On March 12, 2013, the Supreme Judicial Court ("SJC") in Morales v. Morales - SJC-11104 ruled that a divorced parent need not prove the widely recognized legal standard of "material and substantial change in circumstance" in order to modify a child support order in the Massachusetts Probate and Family Court.  

It's a bird! It's a plane! It's a contract!

Following an appellate mandate, a federal judge in California granted summary judgment to Warner Bros. in late March, all but ending almost a decade of copyright litigation between the entertainment conglomerate and Laura Siegel Larson, heir of Superman co-creator Jerry Siegel. See Larson v. Warner Bros. Entm't, Inc., 2013 WL 1164434 at * 9 (C.D. Cal. March 20, 2013). In a counterclaim, Warner Bros. sought (and was granted) a declaratory judgment that an October 2001 letter from Larson's then-attorney to Warner Bros.'s then-general counsel constituted a binding contract regarding the rights to the Man of Steel, even though subsequent negotiations to formalize the agreement fell apart. In January, the Ninth Circuit considered the letter kryptonite to Larson's claims under California law because it "constituted an acceptance of terms negotiated between the parties," specifically and accurately reflecting "the material terms [counsel for both parties] had orally agreed to" during a conversation three days earlier, in which they "had resolved the last outstanding point in the deal" following "years of negotiations." See Larson v. Warner Bros. Entm't, Inc., --- F.App'x. ---, 2013 WL 1113259 at *1 (9th Cir. 2013).

Old Common Law Applied to Current Problem

In a case decided earlier this year, the Appeals Court held that common law precedent some might deem "archaic" lives on in its applicability to structures built prior to 1978 that could, under today's standards, create an actionable water nuisance.

Foreign Legal Consultants in Massachusetts

In our modern global economy, many Massachusetts companies are finding themselves with a need not only for legal advice concerning Massachusetts and U.S. law, but also for legal advice concerning international law and the local laws of foreign countries in which they do business.  As a result, foreign legal consultants--foreign lawyers who advise Massachusetts companies and residents on foreign law--are increasingly in demand.  In order to avoid running afoul of prohibitions against the unlicensed practice of law, foreign legal consultants must become licensed prior to providing any legal advice in Massachusetts.  There are specific rules issued by the Massachusetts Supreme Judicial Court ("SJC") governing the licensing of foreign legal consultants and the limits of their practice.  Both foreign attorneys seeking to consult in Massachusetts, and Massachusetts companies seeking to retain foreign legal consultants, should become familiar with these and other applicable rules.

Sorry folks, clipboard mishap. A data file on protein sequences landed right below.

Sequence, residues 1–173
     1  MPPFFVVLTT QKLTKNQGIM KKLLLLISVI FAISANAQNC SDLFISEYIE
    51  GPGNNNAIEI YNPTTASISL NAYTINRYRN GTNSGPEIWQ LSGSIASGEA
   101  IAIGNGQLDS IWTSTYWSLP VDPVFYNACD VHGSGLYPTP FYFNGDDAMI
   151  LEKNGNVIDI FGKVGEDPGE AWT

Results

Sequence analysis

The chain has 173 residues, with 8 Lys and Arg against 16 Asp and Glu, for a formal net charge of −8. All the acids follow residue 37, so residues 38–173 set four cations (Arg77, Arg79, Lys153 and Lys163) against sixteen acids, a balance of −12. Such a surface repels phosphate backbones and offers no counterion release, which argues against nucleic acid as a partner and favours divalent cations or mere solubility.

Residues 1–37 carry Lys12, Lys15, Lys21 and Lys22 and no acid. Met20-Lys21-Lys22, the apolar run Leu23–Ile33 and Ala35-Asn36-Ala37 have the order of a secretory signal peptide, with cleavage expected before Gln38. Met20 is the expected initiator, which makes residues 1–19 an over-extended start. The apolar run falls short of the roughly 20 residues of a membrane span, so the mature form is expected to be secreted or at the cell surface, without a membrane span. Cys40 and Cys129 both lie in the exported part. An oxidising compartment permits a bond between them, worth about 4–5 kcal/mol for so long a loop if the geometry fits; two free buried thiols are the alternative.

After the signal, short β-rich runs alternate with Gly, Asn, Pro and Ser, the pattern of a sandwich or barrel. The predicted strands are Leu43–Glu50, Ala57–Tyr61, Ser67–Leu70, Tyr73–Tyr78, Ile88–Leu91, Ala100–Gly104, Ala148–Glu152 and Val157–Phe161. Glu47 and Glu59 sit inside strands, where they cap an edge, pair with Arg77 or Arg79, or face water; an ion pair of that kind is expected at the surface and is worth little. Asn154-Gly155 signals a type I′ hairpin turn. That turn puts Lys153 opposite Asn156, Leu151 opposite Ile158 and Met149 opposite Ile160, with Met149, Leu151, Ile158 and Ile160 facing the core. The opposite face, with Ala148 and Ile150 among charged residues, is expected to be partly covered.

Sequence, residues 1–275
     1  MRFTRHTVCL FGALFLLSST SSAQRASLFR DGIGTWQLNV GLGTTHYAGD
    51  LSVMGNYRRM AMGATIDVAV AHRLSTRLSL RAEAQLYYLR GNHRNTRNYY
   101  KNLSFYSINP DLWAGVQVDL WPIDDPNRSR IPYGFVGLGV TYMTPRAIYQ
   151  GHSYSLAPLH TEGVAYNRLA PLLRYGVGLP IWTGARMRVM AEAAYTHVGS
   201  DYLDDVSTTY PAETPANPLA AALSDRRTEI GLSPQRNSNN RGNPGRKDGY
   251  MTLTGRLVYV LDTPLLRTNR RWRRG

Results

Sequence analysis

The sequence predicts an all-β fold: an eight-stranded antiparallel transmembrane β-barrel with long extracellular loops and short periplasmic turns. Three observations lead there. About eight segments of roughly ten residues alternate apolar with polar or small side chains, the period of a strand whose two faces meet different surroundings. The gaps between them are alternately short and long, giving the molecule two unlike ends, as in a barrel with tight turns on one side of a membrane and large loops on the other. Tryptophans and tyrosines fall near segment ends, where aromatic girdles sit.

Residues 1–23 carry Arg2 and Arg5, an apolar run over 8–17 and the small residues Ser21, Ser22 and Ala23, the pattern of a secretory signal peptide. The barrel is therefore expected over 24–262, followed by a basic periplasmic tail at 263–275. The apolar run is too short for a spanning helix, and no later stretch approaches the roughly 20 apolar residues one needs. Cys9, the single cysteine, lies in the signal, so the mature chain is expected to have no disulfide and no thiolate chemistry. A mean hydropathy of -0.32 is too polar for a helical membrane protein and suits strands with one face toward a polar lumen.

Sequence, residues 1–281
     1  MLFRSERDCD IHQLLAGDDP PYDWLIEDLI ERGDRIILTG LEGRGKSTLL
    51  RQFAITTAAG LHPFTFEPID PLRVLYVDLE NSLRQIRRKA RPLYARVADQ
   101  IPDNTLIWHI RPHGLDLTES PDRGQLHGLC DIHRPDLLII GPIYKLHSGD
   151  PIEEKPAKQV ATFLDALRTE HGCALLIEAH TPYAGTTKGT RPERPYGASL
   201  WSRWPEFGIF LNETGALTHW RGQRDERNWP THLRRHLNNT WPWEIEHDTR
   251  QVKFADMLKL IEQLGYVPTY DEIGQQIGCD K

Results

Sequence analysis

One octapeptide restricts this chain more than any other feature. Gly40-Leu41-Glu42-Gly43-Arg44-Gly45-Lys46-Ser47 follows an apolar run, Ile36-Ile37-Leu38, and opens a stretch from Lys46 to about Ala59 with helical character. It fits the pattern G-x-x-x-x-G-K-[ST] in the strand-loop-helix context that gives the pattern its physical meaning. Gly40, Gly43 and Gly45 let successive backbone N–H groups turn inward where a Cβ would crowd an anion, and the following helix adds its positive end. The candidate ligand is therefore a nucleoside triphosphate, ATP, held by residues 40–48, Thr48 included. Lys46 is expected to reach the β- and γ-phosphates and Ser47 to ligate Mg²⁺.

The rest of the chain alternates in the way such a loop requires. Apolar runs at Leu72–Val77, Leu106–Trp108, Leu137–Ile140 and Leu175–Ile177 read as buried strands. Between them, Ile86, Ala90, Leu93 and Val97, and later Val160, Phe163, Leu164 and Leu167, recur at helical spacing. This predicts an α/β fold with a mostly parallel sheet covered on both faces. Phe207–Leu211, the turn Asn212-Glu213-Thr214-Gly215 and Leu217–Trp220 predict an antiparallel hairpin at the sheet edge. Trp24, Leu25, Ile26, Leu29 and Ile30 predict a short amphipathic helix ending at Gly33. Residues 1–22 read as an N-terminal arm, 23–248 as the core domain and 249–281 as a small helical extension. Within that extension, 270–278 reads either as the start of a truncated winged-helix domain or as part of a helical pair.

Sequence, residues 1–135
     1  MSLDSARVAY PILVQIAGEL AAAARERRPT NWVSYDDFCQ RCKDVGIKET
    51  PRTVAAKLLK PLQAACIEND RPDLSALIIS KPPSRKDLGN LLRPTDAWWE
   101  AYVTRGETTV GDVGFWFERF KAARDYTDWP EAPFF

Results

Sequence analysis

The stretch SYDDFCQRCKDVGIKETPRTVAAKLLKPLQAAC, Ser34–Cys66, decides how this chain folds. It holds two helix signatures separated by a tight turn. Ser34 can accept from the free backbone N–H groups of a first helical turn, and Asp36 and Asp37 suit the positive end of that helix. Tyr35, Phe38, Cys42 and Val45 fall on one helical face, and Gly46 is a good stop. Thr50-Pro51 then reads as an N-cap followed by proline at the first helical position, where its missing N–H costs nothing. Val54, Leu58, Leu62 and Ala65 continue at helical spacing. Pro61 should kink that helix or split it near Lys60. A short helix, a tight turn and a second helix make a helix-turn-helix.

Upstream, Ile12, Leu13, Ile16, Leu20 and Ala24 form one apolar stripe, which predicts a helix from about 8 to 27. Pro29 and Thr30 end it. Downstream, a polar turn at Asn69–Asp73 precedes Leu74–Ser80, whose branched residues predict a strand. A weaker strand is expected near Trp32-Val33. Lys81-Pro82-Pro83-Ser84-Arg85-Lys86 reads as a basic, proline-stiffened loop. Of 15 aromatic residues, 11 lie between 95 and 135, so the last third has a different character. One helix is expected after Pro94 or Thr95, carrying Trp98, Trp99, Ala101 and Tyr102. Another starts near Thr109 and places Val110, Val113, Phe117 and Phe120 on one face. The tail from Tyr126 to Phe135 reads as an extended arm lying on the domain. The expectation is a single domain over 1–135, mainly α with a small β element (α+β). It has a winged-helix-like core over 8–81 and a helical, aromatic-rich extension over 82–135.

International Arbitration: Hearing Testimony by Videoconference

Testimony by videoconference in international arbitration offers the disputants both a fair means for assuring that relevant evidence is heard and an effective tool for cost reduction.

Domicile

The domicile statute in Massachusetts can be surprisingly confusing, especially when couples often own multiple homes, live in separate cities for professional reasons, or have recently moved to Massachusetts.  All of these situations are governed by M.G.L. c. 208, § 4 and the "exceptions" to the domicile statute contained in § 5.  Subject to certain exceptions, § 4 precludes a plaintiff from filing a divorce complaint in Massachusetts in the following situations:  (1) if the couple has "never lived together as husband and wife" in Massachusetts, or (2) if the "cause" (i.e., the irretrievable breakdown) occurred in another jurisdiction (unless the parties had lived together as husband and wife in Massachusetts and one of them lived in Massachusetts at the time the cause occurred).